Everything To Know About Gilbert Baker, The Man Honored In Today's Google Doodle

Photo: Matthew Eisman/WireImage.
Google is ringing in the start of LGBTQ pride month with a rainbow tribute to Gilbert Baker in today’s Doodle. Baker, who passed away this past March, is credited with creating the iconic rainbow flag in 1978.
After growing up in Kansas, Baker taught himself how to sew while living in San Francisco in the 1970s. According to a bio on his artist website, he created banners for gay and anti-war protest marches and was friends with gay rights advocate Harvey Milk, who debuted the first rainbow flag during the San Francisco Gay Freedom Day Parade on June 25, 1978. Construction of the first flag required 30 people, who dyed and sewed over 1000 yards of cotton by hand. (Milk, the first openly gay politician elected to office in California, was killed later that same year.)
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According to today’s Google Doodle blog post, the rainbow flag replaced the pink triangle as the primary representation of the LGBTQ community. The pink triangle had been long associated with oppression — it was the symbol that was used by the Nazis as a concentration camp badge identifying LGBTQ prisoners.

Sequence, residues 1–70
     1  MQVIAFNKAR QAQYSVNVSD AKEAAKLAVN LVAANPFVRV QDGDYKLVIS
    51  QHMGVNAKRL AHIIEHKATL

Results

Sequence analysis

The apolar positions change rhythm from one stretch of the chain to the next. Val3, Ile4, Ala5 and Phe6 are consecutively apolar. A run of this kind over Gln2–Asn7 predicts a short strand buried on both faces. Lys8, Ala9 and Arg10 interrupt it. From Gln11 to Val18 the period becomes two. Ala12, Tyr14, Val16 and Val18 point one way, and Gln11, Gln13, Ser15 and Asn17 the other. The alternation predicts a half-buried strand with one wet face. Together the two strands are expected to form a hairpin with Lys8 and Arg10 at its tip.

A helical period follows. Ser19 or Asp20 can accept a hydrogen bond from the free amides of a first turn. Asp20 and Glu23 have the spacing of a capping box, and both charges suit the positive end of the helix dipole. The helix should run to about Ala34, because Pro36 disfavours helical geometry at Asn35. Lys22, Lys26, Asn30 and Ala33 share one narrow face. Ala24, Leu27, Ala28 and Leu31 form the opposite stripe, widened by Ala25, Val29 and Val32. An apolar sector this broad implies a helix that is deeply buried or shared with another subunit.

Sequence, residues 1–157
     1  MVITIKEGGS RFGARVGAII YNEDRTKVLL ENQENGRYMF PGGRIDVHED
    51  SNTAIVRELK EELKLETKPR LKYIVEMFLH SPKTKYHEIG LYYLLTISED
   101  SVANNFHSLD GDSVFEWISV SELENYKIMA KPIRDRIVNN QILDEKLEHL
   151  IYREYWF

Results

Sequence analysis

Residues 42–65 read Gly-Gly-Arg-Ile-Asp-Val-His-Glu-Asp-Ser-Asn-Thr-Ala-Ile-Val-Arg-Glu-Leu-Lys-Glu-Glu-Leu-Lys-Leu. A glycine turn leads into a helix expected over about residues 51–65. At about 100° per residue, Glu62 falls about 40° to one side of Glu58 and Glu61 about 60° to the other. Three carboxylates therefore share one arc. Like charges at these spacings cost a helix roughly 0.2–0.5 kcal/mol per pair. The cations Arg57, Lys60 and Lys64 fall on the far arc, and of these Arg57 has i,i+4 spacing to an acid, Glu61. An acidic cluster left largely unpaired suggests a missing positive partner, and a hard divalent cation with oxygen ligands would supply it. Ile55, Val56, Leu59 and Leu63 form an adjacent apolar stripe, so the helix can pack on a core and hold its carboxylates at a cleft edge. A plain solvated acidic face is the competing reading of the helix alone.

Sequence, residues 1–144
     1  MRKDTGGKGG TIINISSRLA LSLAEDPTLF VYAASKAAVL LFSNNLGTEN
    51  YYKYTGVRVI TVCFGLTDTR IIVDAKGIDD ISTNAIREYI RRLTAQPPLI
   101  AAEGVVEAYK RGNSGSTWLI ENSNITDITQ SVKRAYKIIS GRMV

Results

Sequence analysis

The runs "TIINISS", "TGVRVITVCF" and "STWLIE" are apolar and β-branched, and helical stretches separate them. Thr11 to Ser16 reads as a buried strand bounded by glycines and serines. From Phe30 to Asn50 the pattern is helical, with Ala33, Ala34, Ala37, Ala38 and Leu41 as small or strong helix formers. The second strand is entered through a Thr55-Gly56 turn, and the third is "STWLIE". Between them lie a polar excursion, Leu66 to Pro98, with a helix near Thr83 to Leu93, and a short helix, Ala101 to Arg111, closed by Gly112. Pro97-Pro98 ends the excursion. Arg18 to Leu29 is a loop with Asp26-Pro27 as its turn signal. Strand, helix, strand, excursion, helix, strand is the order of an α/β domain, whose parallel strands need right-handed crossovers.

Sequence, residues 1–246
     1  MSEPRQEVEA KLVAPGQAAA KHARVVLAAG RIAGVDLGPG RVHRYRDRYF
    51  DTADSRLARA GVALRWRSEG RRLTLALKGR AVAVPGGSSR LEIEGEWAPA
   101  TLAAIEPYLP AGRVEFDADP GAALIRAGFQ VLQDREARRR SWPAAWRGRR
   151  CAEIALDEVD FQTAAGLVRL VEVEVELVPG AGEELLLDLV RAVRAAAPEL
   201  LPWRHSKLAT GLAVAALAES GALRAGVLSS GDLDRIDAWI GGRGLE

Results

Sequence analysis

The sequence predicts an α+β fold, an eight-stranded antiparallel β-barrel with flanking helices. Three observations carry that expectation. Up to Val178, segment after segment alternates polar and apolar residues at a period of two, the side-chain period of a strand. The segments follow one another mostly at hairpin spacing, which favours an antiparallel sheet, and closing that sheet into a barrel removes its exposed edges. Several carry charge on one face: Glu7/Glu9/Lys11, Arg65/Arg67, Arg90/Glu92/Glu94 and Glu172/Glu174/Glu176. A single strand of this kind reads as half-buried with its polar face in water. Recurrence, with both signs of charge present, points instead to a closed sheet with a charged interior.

Why did Baker choose a rainbow? According to the blog, the artist reasoned that “We needed something beautiful, something from us. The rainbow is so perfect because it really fits our diversity in terms of race, gender, ages, all of those things. Plus, it’s a natural flag — it’s from the sky!”
Although today’s flag features only six colors, the original had eight, all of which are represented in the Doodle, which shows the creation of the flag. Unlike other Doodles, today’s transcends the main search page. Click on the Google logo and you’ll see a rainbow down the left-hand side of the search results.
It's a colorful tribute to a man who changed the face of LGBTQ pride as we know it.
Photo: Courtesy of Google.
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